Perhaps the matter can be taken a bit further, for Smith’s notion about Eliot’s crowing cock’s being “Portuguese” might not be as obviously incompatible with Schwarz’s suggestion that the crow can just as readily be “French” as it seems at first or, for that matter, with Materer’s suggestion that the crow derives from Rostand. There is a contemporaneous analog for that wasteland cock and its cry that brings the “French” and the “Portuguese” together. In the July 1922 issue of Contemporanea, published in Lisbon, appeared a selection of texts and scores from Trente-Six Histoires pour amuser les Enfants d’un Artiste, a work by the Portuguese composer Francisco de Lacerda (1869-1934). Lacerda, who had returned to Lisbon in 1921 after a quarter of a century in Paris where he had achieved considerable renown as a pianist, musical conductor, and composer, had not completed this major work, begun as early as 1902. Among the selections he made available to the editors of Contemporanea was “Le Coq et son Ombre.” In the lyrics reproduced with the score on page 141 the cock’s crow is given as “Kó—kó—ri—kó.”

This evidence does not establish Lacerda’s pleasant children’s song as one of Eliot’s sources, of course, but it is teasingly suggestive. Except for the transcription with a “k” in place of Eliot’s hard “c,” the sound the cock makes in the song is identical to the sound transcribed in the poem. And while Lacerda’s text, though published in a Portuguese journal, is in French, the sound of the cock’s crowing is the same in both languages. If this is so, should we then try to determine whether the cock’s crowing as it appears in Eliot’s poem is either Portuguese or French?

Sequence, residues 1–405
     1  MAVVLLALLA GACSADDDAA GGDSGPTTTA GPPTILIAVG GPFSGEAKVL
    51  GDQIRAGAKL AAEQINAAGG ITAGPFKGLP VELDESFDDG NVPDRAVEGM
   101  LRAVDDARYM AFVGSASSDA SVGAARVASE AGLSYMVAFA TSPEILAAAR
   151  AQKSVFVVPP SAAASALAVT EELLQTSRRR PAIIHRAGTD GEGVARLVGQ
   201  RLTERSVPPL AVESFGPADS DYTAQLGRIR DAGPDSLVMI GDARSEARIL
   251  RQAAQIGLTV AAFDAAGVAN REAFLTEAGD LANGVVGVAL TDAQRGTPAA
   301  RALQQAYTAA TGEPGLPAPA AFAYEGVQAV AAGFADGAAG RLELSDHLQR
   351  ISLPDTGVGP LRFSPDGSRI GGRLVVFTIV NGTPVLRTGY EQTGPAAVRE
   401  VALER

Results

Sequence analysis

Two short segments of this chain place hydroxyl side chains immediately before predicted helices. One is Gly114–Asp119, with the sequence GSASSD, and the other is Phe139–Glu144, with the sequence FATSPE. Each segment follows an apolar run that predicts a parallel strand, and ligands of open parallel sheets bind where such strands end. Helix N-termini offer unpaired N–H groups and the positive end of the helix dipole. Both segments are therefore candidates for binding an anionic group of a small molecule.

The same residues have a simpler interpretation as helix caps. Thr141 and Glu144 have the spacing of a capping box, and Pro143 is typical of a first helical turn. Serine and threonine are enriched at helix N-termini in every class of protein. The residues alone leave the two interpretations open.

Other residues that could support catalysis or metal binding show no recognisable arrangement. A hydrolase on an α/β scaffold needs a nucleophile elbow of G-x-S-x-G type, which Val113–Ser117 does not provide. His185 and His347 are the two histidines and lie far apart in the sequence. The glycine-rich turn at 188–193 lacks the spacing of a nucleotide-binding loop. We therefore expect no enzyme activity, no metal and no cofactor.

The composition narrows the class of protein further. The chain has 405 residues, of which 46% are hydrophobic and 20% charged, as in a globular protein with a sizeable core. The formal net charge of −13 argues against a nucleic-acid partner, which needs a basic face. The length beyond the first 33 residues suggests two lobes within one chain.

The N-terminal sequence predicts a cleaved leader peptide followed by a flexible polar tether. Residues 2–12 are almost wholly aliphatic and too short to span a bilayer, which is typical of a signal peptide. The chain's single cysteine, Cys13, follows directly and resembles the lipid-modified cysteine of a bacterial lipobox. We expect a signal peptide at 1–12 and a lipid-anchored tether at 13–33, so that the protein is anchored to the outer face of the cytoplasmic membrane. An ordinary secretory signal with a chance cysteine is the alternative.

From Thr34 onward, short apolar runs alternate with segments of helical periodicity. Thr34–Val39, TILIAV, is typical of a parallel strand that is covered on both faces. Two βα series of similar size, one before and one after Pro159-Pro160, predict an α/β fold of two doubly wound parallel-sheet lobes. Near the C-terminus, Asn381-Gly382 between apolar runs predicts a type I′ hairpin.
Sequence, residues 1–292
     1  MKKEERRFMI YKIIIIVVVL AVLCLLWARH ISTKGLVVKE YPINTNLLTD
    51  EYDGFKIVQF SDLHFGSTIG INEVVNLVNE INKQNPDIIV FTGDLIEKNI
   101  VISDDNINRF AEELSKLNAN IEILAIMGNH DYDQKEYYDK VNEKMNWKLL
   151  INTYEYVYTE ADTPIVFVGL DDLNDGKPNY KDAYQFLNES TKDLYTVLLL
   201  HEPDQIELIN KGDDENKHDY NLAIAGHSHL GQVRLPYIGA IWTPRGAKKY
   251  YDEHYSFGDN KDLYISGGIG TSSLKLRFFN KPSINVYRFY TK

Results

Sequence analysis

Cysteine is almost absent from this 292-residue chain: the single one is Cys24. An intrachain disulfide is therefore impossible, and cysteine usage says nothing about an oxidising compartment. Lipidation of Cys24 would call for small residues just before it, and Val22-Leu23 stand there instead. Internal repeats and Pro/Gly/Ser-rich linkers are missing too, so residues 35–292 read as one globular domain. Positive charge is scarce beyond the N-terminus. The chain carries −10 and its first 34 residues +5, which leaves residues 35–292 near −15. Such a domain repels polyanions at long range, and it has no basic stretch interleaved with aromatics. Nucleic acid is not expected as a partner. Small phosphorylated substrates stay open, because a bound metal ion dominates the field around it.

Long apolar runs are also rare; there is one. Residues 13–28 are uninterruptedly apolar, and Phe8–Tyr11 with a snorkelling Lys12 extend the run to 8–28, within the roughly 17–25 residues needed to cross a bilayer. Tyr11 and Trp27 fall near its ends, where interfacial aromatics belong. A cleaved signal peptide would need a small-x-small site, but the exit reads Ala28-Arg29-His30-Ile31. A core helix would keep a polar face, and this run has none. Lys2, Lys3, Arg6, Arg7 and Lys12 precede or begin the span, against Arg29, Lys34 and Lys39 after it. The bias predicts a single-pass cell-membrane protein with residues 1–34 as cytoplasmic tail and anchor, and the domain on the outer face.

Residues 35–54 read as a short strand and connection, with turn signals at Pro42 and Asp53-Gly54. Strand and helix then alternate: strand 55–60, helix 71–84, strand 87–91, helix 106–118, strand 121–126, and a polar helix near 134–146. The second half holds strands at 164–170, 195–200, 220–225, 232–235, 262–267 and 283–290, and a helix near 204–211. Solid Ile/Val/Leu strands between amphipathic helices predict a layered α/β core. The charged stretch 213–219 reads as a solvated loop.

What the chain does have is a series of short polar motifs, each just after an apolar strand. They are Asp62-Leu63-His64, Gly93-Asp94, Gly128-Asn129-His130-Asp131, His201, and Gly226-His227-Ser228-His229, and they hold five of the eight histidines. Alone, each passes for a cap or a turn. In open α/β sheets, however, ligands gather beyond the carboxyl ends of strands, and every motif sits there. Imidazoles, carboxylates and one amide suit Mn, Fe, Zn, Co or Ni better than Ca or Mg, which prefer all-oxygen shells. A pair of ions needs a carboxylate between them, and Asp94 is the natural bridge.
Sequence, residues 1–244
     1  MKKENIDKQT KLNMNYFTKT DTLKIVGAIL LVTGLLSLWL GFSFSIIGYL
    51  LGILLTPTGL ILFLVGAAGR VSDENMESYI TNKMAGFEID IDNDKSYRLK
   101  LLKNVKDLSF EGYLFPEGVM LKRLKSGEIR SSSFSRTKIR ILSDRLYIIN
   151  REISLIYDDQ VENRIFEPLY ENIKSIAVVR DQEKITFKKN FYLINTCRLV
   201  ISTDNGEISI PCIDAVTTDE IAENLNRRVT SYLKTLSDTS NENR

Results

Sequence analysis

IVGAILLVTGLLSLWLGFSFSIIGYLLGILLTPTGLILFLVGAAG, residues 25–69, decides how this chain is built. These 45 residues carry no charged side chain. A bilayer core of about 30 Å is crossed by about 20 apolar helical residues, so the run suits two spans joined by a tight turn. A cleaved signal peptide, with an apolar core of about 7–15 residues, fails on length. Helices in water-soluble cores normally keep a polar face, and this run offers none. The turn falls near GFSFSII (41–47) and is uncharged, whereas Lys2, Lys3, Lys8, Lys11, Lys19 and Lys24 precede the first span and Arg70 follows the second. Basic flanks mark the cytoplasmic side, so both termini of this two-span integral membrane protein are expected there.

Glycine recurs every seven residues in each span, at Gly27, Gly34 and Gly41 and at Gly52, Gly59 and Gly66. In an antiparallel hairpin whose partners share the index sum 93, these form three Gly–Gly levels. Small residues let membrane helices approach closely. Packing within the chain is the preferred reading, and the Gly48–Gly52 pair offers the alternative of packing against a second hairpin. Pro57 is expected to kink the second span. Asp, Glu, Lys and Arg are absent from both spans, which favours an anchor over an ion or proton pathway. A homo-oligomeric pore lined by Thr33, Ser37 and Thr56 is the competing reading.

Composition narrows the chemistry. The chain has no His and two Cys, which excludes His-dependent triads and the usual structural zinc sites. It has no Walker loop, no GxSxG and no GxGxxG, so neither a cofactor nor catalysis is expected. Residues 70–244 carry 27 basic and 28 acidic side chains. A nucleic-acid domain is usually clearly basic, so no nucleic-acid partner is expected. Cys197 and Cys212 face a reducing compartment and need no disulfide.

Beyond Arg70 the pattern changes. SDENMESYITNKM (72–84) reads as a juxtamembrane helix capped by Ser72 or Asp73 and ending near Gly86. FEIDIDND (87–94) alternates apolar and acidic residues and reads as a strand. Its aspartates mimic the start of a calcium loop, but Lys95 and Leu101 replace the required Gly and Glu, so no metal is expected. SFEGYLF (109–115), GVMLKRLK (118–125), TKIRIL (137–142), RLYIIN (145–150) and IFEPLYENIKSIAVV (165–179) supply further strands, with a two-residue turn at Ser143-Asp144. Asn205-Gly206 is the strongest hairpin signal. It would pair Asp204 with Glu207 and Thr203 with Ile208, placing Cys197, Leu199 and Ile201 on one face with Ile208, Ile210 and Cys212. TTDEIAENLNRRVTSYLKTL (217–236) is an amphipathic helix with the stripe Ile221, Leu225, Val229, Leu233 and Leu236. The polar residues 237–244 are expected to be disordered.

But there is another matter that calls for our attention. In an earlier version of Eliot’s poem (The Waste Land: A Facsimile and Transcript of the Original Drafts, published in 1971), the lines presenting the crowing cock read: “Only, a black cock stood on the rooftree / Co co rico Co co rico.” While dropped in the final version, the attribute “black” becomes especially suggestive when “black cock” is considered in a Portuguese context. One of the more familiar traditional Portuguese symbols is the so-called “galo de Barcelos,” which is to say, the cock associated with the municipality of Barcelos. In effigies of various sizes, this (usually) black rooster has over time become ubiquitous in Portuguese shops, especially those catering to tourists and other travelers. It is not known whether it was this emblematic Portuguese black rooster that first appealed to Eliot.

"Padrão do Senhor do Galo" supposedly of the XIV century, in Barcelos, depicting the legend of the resurrecting cock that saved the hanging man.

“Padrão do Senhor do Galo” supposedly of the XIV century, in Barcelos, depicting the legend of the resurrecting cock that saved the hanging man.

It could have been, especially if Eliot also knew something of the European legend that in Portugal is associated with the Barcelos cock. In its numerous versions (including comic ones) the legend seems to be a legend of resurrection. Traced to other cultures and to earlier times, it can be sketched paradigmatically. A cooked rooster is set before a magistrate or lord. When an individual accused of some crime or someone representing a condemned person comes to plead before this figure of authority, the dead cock astonishingly comes back to life and begins to crow. This miracle is taken as “proof” that the accused or condemned individual is actually innocent. The cue for the rooster’s resurrection is almost always a statement by the accused that as “proof of his innocence, a roasted cock, sitting there on the judge’s table waiting to be eaten, will raise itself up and crow.” This legend is well-known not only in Portugal but in Spain and France as well.[1] Indeed, so wide-spread did it become, according to Maurits du Meyer, in “La Légende du Pendu,” that it has served allusively as the basis for numerous paintings and illustrations. Each of these versions of the legend ends on a comedic note, that is to say, everything works out for the best. The falsely accused, who has sometimes been left hanging to die, is always saved by the crowing of the resurrected cock.